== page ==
How Piggybacking RAM Works: Fix Computers With Just Your Fingers | see pinned comment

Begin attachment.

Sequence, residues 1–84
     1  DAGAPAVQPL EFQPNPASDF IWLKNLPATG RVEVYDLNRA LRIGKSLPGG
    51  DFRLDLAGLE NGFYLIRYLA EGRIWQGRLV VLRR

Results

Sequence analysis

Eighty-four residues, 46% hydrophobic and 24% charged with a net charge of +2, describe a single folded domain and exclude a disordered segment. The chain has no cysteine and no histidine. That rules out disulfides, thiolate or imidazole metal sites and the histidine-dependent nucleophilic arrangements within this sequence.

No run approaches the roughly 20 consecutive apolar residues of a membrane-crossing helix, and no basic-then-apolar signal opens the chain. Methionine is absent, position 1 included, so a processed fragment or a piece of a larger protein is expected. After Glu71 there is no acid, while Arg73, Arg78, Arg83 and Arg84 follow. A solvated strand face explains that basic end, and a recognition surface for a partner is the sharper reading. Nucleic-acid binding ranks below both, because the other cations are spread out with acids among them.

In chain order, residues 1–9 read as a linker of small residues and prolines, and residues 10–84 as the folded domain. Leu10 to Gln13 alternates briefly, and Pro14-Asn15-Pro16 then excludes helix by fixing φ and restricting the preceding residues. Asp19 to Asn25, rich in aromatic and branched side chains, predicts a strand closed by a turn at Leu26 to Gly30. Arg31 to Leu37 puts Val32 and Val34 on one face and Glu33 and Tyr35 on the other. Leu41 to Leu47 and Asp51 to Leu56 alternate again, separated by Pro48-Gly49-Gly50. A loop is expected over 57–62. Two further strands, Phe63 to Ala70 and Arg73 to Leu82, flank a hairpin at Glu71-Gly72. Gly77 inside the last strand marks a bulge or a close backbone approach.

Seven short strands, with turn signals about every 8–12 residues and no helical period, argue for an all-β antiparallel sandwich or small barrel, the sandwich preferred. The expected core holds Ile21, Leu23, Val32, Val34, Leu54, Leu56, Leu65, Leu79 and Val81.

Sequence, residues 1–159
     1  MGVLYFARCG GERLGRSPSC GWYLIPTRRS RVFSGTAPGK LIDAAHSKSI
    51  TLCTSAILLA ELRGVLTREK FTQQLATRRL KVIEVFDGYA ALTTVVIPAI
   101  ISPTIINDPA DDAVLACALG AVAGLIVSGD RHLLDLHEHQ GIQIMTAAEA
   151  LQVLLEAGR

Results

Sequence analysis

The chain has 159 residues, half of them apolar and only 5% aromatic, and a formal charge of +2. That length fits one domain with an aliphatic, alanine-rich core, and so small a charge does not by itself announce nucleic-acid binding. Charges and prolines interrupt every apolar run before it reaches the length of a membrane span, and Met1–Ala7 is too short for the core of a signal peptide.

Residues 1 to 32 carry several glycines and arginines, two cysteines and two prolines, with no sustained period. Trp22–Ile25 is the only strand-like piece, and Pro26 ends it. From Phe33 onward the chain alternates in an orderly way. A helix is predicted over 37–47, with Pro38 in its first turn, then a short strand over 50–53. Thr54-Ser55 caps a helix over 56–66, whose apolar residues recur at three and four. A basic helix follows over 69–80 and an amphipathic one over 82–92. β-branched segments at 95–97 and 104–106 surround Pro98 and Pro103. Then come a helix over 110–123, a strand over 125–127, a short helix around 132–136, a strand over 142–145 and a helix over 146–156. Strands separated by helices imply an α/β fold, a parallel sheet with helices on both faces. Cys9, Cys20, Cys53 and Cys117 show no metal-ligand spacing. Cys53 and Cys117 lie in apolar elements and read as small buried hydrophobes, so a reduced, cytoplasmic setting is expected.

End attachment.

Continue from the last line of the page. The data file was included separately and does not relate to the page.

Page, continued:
Hello and welcome to Restro Retipes.. Restro Reti… Hello Well, on the menu today on Retro Recipes We’re g… I said it! We’re gonna be exploring our fingers Yeah, no, no not those.. fingers Although, fish and chips.. hmm Well, actually today, funnily enough, we’re gonna be fixing chips See I think it’s fair to say that on the Commodore 64 There can be many different faults You’ll notice if you saw my hammer repair video Or the three-hour live collaborative repair attempt video But I think it’s also fair to say that more often than not Problem comes down to one thing Actually, eight things Yeah, the ham.. the RAM Not ham.. hm Now I do understand, and I see in the comments of my videos That a lot of people who haven’t tried soldering before are understandably wary of doing that So today we’re going to be showing you a way that you can both diagnose and fix Perhaps the most common Commodore 64 fault Using just.. your fingers Welcome to Retro Recipes So, here’s the machine in question T his was given to us by David Philippe Gil and you can see here the problem Similar story with Jupiter Lander, which is a handy car crush to use because it doesn’t require the kernel and some other chips. We can help narrow things down If we consult the pictorial C64 fault guide You can see the section with, by far, the most faults is the RAM section And this looks pretty similar So, let’s verify this using the (American accent) Commodore Diagnostics and Utilities Cartridge.. .. Thing Now this is interesting It’s giving one flash and then waiting and repeating that one flash So let’s check the (American accent) Diagnostics Manual It says here if a RAM error id Detected the screen will begin flashing It seems like what’s happening One flash means Chip U12 So, so far we haven’t used any tools Now if you’ll excuse the use of a screwdriver here I do want to show you that how you can diagnose and fix this using just your fingers So here is U12. Oh, sorry! That’s the LEGO version Here, is U12 But while I remember, please if you haven’t voted for Lego to mass produce this BrixtyFour, please do So in the intro, I mentioned that we’re going to be exploring just our fingers Or of course we could use the Paws So what I’m gonna do is feel each chip And.. ow.. That one is noticeably hotter than the others And that is U12 Now I’ll just prove the point here using the (American accent) Thermo Meter It’s just a thermometer You can see there, that Chip U12 is indeed at least 5 degrees hotter than all the others So we’re gonna need some new RAM chips Excuse me. Hi, sorry. Do you sell RAM Chips? Um.. there we go. Sorry, what’s that? Is a Ham Chip. (laughs) Not ham chips, RAM chips. Do you sell RAM Chips? Oh Oh, sorry, they’re out of stock Oh, you’re out of stock of RAM? Okay. Thanks anyway Yeah, where’s Ashley when you need it, Well not to worry cuz I found these at ASDA So what I’m gonna do is piggyback this new chip on top of the faulty one And piggybacking just means push it down using the spring tension of the new pins So that it makes contact with all the pins Right down to the PCB And the same on the other side all making good contact there Now if we turn it on Yes! The blue screen of .. life And out there test works As does the SID Chip We can leave this running for a number of counts Now it’s important to note that this piggybacking technique Is generally only possible with RAM Chips But why is that and why does it work? Well, you see, RAM chips are what’s known as tri-state logic This just means that the chip is capable of three states It can either be pulling current from the bus Creating a zero Supplying current to the bus Creating a one Or in a high impedance state High impedance, also known as High-Z, basically means the chip is electrically.. Sort of invisible to the rest of the circuit The use of this is really essential in shared electronic buses Just like the one the 8 Commodore 64 RAM chips share I can demonstrate this pretty simply with a multimeter And set it to continuity mode The meter will beep whenever it detects a connected circuit or trace And so you can see here how the aged RAM chips are indeed all sitting in seats on the same bus That’s terrifying And with RAM, if the chip is faulty, usually signified by it overheating like that It falls into that third high impedance state Effectively just becoming invisible to the rest of the circuit On screen, this causes that garbled data that we saw A simplified explanation of why it feels hot to the touch Is that the voltage sort of accumulates in the chip rather than passing through to the rest of the circuit When you piggyback a working chip on top of that invisible faulty chip You’re really just connecting a chip to a motherboard that thought that there was no chip in there at all So that’s how you diagnose and fix the most common Commodore 64 fault using just your fingers And a screwdriver Now if you wanted and you weren’t gonna be carting this Commodore 64 to your mates house everyday You could leave this as is maybe secure it down there with some thermal tape But because we have got the tools here We’re gonna do it properly and desolder socket and reinstall this new chip in its place And while we’re doing that I think we’ll just beautify this board a little bit and recap it just for good measure But first.. Well, we didn’t have any luck with our HAM Chips of RAM chips, but I did find this Now this reminds me, I want to give him very special thanks and shouts out to all of my Patrons Especially Jonathan Howard who didn’t join the Silver Patron level But even higher he joined the Rhodium level Which includes a special on-camera greeting and a thank you So at some point I’ll have to film that But thanks seriously to all my Patrons You really helped support this small retro channel And I couldn’t do it without you Or that Maybe next time So we can definitely give this board a bit of a cleanup Ew. Yeah, this RF shield is effectively useless Put that on eBay (crashing noise) Let me get out our anti-static brush And then to remove the bottom RS shield We’ll use the fence (desoldering tool noise) We’ll use the Fanta we’ll use this We’ll.. uh.. we’ll use this.. Let me just leaver off of these tabs after sucking them dry Eh.. removing the solder (crashing noise) Calm down From time to time we do need to empty the chamber Which is easily done (desoldering noise) Then we’ll just clean up nicely where those tabs were And then we can actually desolder that faulty chip Firstly we’ll add some new solder to get all the flux flowing We’ll drop in our socket I’m just gonna hold it down here with some thermal tape And then what I like to do is solder both opposing corners first And that way it holds it in tightly while you solder all the other pins And here’s our new chip from ASDA I found it in the freezer section And let’s test our work Yay! (higher pitched) Yay! So we’re gonna recap the board now, but first we need to move the dog out of the way And this recap kit is again from the excellent Retroleum By the way, if you can’t even get to this stage in your Commodore 64 PCB is just beyond repair You could always design your own completely new one Like this one by the fantastically named RJAM Verse Loot I’ll put a link in the description And they could send the designs off to PCBWay Because as we all know PCB stands for Piggybacked Clone Board (desoldering tool noise) Oh, pardon me Now just to recap, we were just about to recap Make sure we put on new ones in the correct way around Polarity does matter Looking good so far! That’s weird.. So the solder actually went through that hole and came out the other end like a metal worm To save myself turning around the board constantly, I’m gonna desolder all of the same type of capacitor now in one go There’s the old ones There’s the new ones Ladies and gentlemen, the world’s first Commodore 64 Guitar Now removing this VIC shield to get to lead capacitor under there is always tricky But I’m gonna try this soft plastic Lego brick removal tool Hey that worked really well! I’ve got some thermal paste on my thumb there Um.. Yeah, we’ll just clean off this old one (struggling) It glued itself shit Just a little dab Not that kind of DAB kids There you go, there’s the heat chip for the Vic sink.. or something And then we’ll just spray our alcohol And clean up all the flux from those new capacitors Looking really nice Hey, that’s me! We’ll do one final test although I’m pretty sure I got them all in the right way round And yes time for a nice game of Jupiter Lander I will do one final test That is, have the keyboard in place So it just remains for me and the Commodore 64 To say I hope you found this video about how piggybacking works illuminating. Thanks for watching. Please like and subscriiiibe Comment below and Cheerio! Is a ham chip